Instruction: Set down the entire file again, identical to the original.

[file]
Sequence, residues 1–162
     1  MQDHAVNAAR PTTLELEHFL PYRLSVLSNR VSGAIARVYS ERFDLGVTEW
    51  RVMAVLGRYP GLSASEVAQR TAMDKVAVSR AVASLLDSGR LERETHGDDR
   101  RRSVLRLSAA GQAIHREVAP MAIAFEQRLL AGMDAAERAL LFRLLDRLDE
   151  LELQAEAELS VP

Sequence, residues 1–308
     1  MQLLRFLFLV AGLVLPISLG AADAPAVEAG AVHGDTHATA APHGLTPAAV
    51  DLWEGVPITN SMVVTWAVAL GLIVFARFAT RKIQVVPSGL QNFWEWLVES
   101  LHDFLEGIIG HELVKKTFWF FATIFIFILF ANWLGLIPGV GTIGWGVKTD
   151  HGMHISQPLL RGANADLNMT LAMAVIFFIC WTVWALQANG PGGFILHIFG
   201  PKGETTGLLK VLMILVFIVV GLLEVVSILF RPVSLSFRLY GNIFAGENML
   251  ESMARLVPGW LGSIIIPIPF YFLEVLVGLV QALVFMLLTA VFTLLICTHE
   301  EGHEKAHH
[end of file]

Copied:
Sequence, residues 1–162
     1  MQDHAVNAAR PTTLELEHFL PYRLSVLSNR VSGAIARVYS ERFDLGVTEW
    51  RVMAVLGRYP GLSASEVAQR TAMDKVAVSR AVASLLDSGR LERETHGDDR
   101  RRSVLRLSAA GQAIHREVAP MAIAFEQRLL AGMDAAERAL LFRLLDRLDE
   151  LELQAEAELS VP

Sequence, residues 1–308
     1  MQLLRFLFLV AGLVLPISLG AADAPAVEAG AVHGDTHATA APHGLTPAAV
    51  DLWEGVPITN SMVVTWAVAL GLIVFARFAT RKIQVVPSGL QNFWEWLVES
   101  LHDFLEGIIG HELVKKTFWF FATIFIFILF ANWLGLIPGV GTIGWGVKTD
   151  HGMHISQPLL RGANADLNMT LAMAVIFFIC WTVWALQANG PGGFILHIFG
   201  PKGETTGLLK VLMILVFIVV GLLEVVSILF RPVSLSFRLY GNIFAGENML
   251  ESMARLVPGW LGSIIIPIPF YFLEVLVGLV QALVFMLLTA VFTLLICTHE
   301  EGHEKAHH